Depending on how long you spend poring over and researching parts, it can take a little over a week to actually get your new PC, but in the end, you’ve got something that, while you can’t necessarily brag about putting together with your own hands, still accomplishes the same purpose: a custom PC wherein every part meets your approval while still fitting into your budget.

Consider your Needs and Decide on Your Budget

The first thing you need to do when building a new PC is determine your budget, so you can buy the best parts possible while still considering your needs. In our case, we want it to obviously be fast for simple everyday tasks, but also be able to handle modern games at higher frame rates. We’re not interested right now in a multi-GPU system due to cost and power considerations. This means we can hopefully devote just a bit more to a single GPU and a more powerful CPU.

We still want room to expand, so we need to consider a motherboard and case that allows for plenty of it. We also need to think about RAM and storage – we’re thinking we need at least 16 GB and a 250 GB solid state drive, which is the capacity sweet spot right now for SSDs.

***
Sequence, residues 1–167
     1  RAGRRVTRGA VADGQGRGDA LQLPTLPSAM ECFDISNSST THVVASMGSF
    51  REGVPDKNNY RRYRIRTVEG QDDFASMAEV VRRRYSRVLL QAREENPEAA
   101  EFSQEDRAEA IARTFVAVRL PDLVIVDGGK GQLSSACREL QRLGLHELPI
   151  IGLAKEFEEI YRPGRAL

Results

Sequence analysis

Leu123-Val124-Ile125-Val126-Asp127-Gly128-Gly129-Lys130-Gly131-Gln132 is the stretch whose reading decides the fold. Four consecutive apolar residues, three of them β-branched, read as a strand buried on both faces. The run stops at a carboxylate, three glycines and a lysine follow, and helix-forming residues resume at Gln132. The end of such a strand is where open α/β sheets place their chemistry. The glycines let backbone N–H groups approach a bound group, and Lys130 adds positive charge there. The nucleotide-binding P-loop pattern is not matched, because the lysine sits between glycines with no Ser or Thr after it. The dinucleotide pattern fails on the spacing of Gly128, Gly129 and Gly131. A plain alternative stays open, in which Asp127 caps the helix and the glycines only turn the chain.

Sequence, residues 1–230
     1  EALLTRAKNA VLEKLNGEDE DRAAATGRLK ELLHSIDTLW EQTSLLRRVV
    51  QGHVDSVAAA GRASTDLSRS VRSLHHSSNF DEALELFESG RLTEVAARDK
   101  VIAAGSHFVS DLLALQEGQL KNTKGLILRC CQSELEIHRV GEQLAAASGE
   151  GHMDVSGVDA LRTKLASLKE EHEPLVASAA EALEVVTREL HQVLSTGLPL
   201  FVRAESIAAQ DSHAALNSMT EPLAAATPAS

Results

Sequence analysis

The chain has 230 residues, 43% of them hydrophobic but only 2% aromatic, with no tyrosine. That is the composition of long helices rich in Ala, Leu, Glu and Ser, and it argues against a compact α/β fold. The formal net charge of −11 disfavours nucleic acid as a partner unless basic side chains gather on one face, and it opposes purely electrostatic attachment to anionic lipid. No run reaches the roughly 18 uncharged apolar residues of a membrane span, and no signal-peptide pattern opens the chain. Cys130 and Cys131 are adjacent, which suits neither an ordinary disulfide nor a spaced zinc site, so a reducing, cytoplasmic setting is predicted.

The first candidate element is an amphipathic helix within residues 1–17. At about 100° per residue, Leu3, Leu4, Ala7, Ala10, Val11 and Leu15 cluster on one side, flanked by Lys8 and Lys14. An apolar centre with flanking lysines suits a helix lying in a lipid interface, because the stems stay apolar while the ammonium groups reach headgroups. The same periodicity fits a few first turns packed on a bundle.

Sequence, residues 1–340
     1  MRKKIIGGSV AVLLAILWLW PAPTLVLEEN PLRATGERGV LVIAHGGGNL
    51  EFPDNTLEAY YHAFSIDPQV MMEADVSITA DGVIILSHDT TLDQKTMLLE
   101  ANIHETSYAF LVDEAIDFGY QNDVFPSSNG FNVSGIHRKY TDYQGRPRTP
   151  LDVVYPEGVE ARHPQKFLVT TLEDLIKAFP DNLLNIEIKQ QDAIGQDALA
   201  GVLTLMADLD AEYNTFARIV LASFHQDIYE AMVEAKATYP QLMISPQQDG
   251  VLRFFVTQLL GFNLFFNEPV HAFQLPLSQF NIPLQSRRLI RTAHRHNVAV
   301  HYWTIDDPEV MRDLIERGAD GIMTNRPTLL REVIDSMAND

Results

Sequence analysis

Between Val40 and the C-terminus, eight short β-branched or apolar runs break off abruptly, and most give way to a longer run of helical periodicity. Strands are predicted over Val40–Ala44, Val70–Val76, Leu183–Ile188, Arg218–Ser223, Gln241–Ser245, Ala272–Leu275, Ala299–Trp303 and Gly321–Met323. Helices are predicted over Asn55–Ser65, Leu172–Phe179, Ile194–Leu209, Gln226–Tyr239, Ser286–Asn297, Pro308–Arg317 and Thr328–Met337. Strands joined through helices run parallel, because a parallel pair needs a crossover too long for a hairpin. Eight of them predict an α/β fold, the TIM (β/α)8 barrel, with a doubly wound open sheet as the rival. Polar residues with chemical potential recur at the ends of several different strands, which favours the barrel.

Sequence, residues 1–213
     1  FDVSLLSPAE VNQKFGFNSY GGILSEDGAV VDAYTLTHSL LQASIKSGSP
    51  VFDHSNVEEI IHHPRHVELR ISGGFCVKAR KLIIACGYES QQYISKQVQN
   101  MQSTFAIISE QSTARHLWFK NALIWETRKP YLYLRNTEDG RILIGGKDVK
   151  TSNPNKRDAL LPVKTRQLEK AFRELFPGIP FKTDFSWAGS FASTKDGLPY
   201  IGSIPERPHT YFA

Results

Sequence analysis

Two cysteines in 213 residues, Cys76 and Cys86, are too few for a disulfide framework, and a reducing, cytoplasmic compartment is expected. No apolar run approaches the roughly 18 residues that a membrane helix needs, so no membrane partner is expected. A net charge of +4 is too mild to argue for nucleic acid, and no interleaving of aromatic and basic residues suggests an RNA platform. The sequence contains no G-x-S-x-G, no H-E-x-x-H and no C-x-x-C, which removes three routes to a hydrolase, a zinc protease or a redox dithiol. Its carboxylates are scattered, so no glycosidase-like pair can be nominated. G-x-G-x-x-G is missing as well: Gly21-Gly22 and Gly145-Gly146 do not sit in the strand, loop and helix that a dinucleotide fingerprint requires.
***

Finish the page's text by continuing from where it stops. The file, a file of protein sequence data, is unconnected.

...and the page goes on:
So, the basic list goes something like this: higher end CPU and GPU, expansion-friendly mobo, large roomy case, at least 16 GB of RAM, and a 250 GB SSD.

If we can do all this for $1200 to $1500, then we’ll feel good about keeping this computer affordable but having enough power for at least the next three to five years.

Time to Shop

Like needs and budget, where you shop is entirely up to you. We’re not here to recommend any one manufacturer over another, so we urge you to go to various companies, compare builds and prices, and go with the one you like the most.

There are few respected PC builders out there and it behooves you to do your research and shop around. There is Digital Storm, Falcon Northwest, and iBuyPower, just to name a few. If you need a good place to start, here is a useful list.